So, I decided to go on a trip. Although it wouldn’t be the same without Atherton, I had to find the confidence to do it.

Realised dream later in life

I travelled to Mexico, and tried scuba diving for the first time — something I never thought I’d do.

Deep under the ocean, I watched in wonder as fish of every colour of the rainbow darted in and out of the coral.

Back home, I sat down at my desk and tried to put my incredible new experience into words.

There is nothing like slipping into a wetsuit, I began to type.

It was the first of many travel stories I wrote.

Eventually, I passed my writing course with flying colours, and I knew Atherton would be so proud.

I began writing for national publications and went on all kinds of amazing adventures.

Following one trip, I wrote about some cheesemongers.

One thing led to another, and next thing, I found myself a judge at the World Cheese Awards. It was the best gig ever!

Sadly, Atherton passed away last year. It will always make me sad that I’m not sharing these adventures with him.

But while life will never be the same, I firmly believe we all have a choice whether to sink or swim.

From Deborah Gray, 64, of Malmesbury, Wilts

Realised dream later in life

Wild wanderer

Scrolling through Facebook, an advert suddenly caught my attention.

‘Mark, what about this campsite in Hungary?’ I said.

As we’d reached our 50s, my husband Mark and I had been looking for a new adventure.

We were keen campers and at first we’d considered travelling the world in a campervan.

But we realised it wouldn’t truly fulfil us.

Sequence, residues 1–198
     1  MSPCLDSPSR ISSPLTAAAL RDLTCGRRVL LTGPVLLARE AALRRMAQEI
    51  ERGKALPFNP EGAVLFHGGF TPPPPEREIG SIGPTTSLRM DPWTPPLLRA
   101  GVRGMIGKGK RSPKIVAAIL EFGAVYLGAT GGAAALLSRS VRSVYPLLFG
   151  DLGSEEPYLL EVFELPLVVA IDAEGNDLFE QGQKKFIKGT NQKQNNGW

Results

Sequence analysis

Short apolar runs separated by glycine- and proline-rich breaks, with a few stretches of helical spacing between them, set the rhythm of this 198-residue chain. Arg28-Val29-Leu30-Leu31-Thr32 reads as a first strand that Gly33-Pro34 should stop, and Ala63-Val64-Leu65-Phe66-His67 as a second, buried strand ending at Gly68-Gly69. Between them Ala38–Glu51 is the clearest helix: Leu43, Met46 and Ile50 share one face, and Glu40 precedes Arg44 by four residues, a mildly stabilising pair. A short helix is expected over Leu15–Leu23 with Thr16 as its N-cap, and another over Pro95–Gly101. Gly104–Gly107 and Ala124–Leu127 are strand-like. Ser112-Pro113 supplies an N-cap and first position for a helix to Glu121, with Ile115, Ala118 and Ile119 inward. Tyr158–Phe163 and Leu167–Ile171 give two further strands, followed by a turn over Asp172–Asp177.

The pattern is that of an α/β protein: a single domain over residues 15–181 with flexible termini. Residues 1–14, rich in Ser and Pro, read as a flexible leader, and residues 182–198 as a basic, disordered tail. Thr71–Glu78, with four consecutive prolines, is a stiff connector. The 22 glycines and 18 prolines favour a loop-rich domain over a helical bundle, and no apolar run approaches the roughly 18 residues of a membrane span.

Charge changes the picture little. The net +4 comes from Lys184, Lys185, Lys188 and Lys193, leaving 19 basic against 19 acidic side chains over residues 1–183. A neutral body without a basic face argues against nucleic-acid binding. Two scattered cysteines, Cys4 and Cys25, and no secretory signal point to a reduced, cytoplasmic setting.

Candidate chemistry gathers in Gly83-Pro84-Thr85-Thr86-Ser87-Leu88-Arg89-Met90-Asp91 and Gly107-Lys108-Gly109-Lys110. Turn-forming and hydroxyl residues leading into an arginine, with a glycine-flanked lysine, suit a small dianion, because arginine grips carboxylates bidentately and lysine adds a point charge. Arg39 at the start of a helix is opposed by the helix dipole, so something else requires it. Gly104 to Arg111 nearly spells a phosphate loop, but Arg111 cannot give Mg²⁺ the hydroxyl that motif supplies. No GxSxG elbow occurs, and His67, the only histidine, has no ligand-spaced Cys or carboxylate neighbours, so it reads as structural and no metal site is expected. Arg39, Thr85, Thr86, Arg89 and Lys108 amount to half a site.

However, as I showed Mark pictures of a rundown, remote campsite, I felt a buzz of excitement.

I wasn’t sure Mark was convinced, until later that day when he rang me and said: ‘Shall we go and have a look at that campsite then?’

Wasting no time, we booked our flights, and a few weeks later we found ourselves driving through the sleepy Hungarian countryside.

When we arrived at the campsite, it certainly wasn’t love at first sight. But the more I saw of it, the more I realised its potential.

Later that day as we stood at the top of the site overlooking the vast valley below, I smiled, listening to the buzz of bees swirl around me.

‘I could live here,’ said Mark.

‘So could I,’ I replied.

And after a reassuring visit to the local pub, which was run by a fellow Brit, we knew it was the right decision.

So, without being able to speak a word of Hungarian, and far from the hustle and bustle of a city, we bought the campsite and named it Koppány Pines.

realised dreams later in life

It needed work, but a year later, we were ready to open to paying guests.

People flooded to use the campsite to get away from everything and enjoy the amazing setting.

Now, it’s been three years and business is booming.

It’s proved such a hit, we’ve even had repeat guests.

Mark and I now split our time between Hungary and the UK — going out there for the peak summer season.

Even though there’s been plenty of blood, sweat and tears, I’m so proud of what we’ve achieved and have never felt freer.

Buying a campsite abroad was a giant leap of faith, but we’d do it again in a heartbeat.

From Debs Tetlow, 54, of Broughton Astley, Leics

•Read more about these women’s inspirational stories in Juicy Crones: Free for the Strangest Adventures — Inspirational Stories of Women Embracing Later Life by Jay Courtney, published by Bradt Guides, £9.99.

Realised dreams later in life